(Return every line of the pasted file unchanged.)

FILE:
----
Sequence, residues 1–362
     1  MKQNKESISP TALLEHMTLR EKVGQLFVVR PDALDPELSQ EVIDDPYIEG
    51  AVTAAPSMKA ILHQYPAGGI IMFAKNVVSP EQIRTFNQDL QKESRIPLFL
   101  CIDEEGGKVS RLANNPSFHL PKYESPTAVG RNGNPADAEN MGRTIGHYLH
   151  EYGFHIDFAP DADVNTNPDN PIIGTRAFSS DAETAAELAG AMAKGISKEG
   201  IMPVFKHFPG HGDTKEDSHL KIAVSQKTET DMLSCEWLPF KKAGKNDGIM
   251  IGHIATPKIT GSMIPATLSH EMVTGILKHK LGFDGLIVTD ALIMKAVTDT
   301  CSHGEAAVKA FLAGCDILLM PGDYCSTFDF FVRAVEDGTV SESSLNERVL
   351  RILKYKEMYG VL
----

Sequence, residues 1–362
     1  MKQNKESISP TALLEHMTLR EKVGQLFVVR PDALDPELSQ EVIDDPYIEG
    51  AVTAAPSMKA ILHQYPAGGI IMFAKNVVSP EQIRTFNQDL QKESRIPLFL
   101  CIDEEGGKVS RLANNPSFHL PKYESPTAVG RNGNPADAEN MGRTIGHYLH
   151  EYGFHIDFAP DADVNTNPDN PIIGTRAFSS DAETAAELAG AMAKGISKEG
   201  IMPVFKHFPG HGDTKEDSHL KIAVSQKTET DMLSCEWLPF KKAGKNDGIM
   251  IGHIATPKIT GSMIPATLSH EMVTGILKHK LGFDGLIVTD ALIMKAVTDT
   301  CSHGEAAVKA FLAGCDILLM PGDYCSTFDF FVRAVEDGTV SESSLNERVL
   351  RILKYKEMYG VL